A six-day case concerning sexual discrimination, harassment, victimisation, being subject to a detriment for making a protected disclosure, failure to permit an accompanying friend at a disciplinary hearing and constructive dismissal.
Hawkins v Secretary of State for Justice (2012):
A claim concerning the dismissal of a prison guard, the fairness of the internal disciplinary procedures and the manner in which they were conducted.
Villiers v Home Office (2012):
Advice and conclusion of a case concerning stress at work, disability discrimination and harassment arising out of the transfer of a civil servant and the effect of the COSOP or Transfer of Complex and Sensitive Casework policy.
Kurmalee v Ministry of Justice (2012):
A claim for damages by an employee concerning discrimination on the grounds of race, age disability and harassment on the grounds of age.
B v Norfolk Police Authority (2011):
Advice on whether an employee was disabled pursuant to the Equality Act 2010, the steps to be taken by occupational health in light of events, how human resources should proceed with disciplinary proceedings and how to treat a purported resignation.
Clark v Commissioner of Police of the Metropolis (2011):
A claim for damages by a police constable for rest days not taken pursuant to the Working Time Directive that he stated he was not permitted take before the date of his retirement.
Couling v Chief Constable Bedford (2011):
A judicial mediation.
Kojima v Nomura International (2011):
Advice concerning alleged non-payment of a bonus pursuant to a contractual scheme.
Elliot undertakes all manner of licensing hearings involving alcohol and/or entertainment including pubs, bars, nightclubs, restaurants, large open-air gatherings and festivals, sex establishments and entertainment, and taxi licensing on behalf of police forces and licensing authorities and private clients.
Elliot has recently been successful in the case involving the Southampton licensing authority requiring a driver to have installed in their taxi-cab always-on video and audio recording equipment. He persuaded a judge that this was an unjustified breach of Article 8 and he is now instructed in the consequent appeal.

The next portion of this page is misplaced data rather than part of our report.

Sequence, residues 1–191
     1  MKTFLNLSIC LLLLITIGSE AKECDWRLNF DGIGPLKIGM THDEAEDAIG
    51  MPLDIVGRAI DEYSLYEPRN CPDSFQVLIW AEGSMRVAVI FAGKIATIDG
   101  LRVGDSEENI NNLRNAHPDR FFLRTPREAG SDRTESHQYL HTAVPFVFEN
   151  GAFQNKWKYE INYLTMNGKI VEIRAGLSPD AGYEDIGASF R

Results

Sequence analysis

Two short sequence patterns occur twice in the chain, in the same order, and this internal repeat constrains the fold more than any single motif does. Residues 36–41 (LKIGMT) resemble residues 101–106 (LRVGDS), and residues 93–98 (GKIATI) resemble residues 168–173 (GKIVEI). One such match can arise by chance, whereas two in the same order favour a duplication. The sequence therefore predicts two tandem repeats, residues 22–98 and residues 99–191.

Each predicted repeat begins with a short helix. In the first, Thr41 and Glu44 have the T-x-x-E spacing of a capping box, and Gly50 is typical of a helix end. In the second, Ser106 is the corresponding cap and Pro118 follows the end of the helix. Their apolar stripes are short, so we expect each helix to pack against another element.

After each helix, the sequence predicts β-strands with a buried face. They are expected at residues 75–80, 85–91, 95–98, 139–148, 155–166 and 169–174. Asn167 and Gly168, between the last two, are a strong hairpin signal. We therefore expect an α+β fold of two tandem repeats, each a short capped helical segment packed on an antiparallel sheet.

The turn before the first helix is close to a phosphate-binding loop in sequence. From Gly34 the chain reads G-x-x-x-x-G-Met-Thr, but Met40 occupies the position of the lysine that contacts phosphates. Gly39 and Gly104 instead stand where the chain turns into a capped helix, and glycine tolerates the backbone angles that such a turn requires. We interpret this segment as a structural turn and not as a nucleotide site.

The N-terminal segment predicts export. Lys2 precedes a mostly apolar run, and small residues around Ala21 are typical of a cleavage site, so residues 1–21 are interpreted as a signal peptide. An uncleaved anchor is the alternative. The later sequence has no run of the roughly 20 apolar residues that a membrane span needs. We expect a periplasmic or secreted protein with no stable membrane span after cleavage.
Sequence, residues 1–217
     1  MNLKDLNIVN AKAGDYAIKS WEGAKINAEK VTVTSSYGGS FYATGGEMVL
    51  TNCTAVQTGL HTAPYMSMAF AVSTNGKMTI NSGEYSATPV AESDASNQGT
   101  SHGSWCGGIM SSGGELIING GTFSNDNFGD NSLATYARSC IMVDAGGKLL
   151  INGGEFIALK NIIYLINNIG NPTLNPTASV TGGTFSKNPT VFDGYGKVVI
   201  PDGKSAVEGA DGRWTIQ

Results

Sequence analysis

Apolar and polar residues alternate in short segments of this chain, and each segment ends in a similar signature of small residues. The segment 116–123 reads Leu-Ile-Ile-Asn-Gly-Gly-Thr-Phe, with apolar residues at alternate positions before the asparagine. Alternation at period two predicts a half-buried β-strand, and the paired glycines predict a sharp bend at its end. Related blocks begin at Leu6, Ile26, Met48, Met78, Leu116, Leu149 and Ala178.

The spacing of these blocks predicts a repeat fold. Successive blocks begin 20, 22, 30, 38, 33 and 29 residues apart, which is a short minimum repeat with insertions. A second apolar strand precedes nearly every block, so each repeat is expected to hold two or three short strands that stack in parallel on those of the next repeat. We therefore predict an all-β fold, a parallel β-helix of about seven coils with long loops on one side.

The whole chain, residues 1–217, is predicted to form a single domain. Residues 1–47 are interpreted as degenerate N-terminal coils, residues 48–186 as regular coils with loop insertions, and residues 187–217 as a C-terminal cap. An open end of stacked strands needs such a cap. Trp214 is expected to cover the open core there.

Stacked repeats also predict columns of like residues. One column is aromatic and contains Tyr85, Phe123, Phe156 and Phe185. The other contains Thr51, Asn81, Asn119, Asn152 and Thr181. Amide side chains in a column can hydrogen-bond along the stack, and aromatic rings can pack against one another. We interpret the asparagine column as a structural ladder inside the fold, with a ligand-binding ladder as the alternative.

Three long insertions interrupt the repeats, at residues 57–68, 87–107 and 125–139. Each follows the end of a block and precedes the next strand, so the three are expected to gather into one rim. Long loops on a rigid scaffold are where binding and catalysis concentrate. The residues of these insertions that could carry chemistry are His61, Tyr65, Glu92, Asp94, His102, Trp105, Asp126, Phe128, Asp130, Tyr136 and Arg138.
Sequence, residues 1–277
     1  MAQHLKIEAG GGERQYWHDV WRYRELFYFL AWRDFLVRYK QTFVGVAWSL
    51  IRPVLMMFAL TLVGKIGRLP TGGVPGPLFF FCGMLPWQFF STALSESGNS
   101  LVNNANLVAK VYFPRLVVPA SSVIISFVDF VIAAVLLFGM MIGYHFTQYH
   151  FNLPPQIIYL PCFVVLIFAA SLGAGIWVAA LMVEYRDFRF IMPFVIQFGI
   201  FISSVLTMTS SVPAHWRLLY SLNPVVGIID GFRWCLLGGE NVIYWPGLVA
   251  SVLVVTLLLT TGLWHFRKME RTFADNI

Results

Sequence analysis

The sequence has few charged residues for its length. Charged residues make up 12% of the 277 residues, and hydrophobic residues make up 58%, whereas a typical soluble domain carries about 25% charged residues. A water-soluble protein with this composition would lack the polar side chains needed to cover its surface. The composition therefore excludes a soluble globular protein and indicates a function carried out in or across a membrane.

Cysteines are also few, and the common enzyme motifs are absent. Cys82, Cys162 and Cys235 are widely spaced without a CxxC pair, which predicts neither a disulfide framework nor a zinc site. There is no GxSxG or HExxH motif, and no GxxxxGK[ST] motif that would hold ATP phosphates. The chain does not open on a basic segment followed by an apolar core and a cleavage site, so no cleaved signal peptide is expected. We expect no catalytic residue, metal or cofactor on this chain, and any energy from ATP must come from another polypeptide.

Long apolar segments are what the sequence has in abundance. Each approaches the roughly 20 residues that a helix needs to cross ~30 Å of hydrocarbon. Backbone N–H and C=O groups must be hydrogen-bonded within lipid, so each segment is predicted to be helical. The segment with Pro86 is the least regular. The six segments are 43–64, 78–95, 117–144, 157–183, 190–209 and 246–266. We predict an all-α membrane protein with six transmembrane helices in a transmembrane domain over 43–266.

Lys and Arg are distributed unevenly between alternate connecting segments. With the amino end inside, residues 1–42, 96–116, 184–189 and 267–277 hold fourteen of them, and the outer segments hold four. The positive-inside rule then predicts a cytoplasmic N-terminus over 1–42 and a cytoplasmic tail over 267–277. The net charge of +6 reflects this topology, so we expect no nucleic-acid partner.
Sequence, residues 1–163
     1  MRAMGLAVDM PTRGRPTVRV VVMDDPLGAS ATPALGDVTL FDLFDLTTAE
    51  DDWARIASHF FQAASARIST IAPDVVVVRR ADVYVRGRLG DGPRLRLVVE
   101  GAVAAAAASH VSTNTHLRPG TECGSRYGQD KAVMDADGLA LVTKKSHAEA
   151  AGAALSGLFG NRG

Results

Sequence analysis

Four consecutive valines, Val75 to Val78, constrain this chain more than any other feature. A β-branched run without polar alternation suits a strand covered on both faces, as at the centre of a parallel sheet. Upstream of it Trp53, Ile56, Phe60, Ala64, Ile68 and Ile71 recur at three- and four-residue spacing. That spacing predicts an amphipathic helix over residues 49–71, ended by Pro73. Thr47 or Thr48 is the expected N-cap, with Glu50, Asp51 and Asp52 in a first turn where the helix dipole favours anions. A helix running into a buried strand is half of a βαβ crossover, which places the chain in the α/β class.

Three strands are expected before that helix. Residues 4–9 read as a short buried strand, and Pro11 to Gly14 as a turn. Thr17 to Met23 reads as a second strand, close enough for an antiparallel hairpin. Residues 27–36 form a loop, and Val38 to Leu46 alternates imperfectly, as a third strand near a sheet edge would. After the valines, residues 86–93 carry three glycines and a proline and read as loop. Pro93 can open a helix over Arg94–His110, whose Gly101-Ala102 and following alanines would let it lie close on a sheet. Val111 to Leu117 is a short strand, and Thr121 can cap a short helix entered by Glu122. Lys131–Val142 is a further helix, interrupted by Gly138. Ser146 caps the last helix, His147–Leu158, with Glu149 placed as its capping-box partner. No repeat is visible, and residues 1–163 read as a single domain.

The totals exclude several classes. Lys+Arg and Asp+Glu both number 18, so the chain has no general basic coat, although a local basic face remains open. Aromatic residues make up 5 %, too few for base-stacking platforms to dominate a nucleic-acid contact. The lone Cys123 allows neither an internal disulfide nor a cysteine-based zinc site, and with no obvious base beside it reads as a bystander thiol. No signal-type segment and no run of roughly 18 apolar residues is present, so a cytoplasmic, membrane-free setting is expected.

Elliot has provided a number of licensing seminars, and is presently delivering a series of talks, in conjunction with the Institute of Licensing, on licensing hearings. Others have included presentations to the Government of the South East, Cambridgeshire constabulary and Norfolk constabulary.
Elliot’s work is concentrated in the multi-track litigation. He acts for both claimants and defendants in actions involving both multiple parties and significant injuries and levels of damages.
A large element of Elliot’s personal injury practice involves police constabularies and accidents at work whether caused during the course of work or training exercises, industrial injuries caused over long periods of time, and stress and/or psychiatric injury arising from bullying at work and/or workplace stress.
Elliot regularly advises on prospects of success concerning liability, evidence generally, settlement terms and questions to medical experts. He also acts in settlement conferences and mediation hearings.
Elliot also has an impressive knowledge of costs. He is regularly instructed in costs-only claims and has conducted a number of costs-appeals in the Supreme Court Costs Office, the County Court and the High Court. He has contributed to two legal training videos on the subject of costs after offers and the fixed costs regime.
Elliot is presently a mentor and an advocacy trainer for the Inner Temple.
Elliot has an extensive background in debating. He has been a debating coach both in England and in Europe. Elliot and his debating partner won the European Debating Championship 2001 and were ranked 6th at the World Debating Championships 2002.
In 2005, Elliot accepted an invitation to be a judicial assistant to Lord Justice May in the Civil Division of the Court of Appeal for a three month fixed post.
In 2003, Elliot was presented with the Northern Bar pro-bono award for employment law and CICA work by the then Lord Chancellor, Lord Irvine.
Elliot has experience of public inquiries having worked on the first phase of the Shipman enquiry (2002).
Elliot provides CPD lectures to solicitors on all aspects of his practice.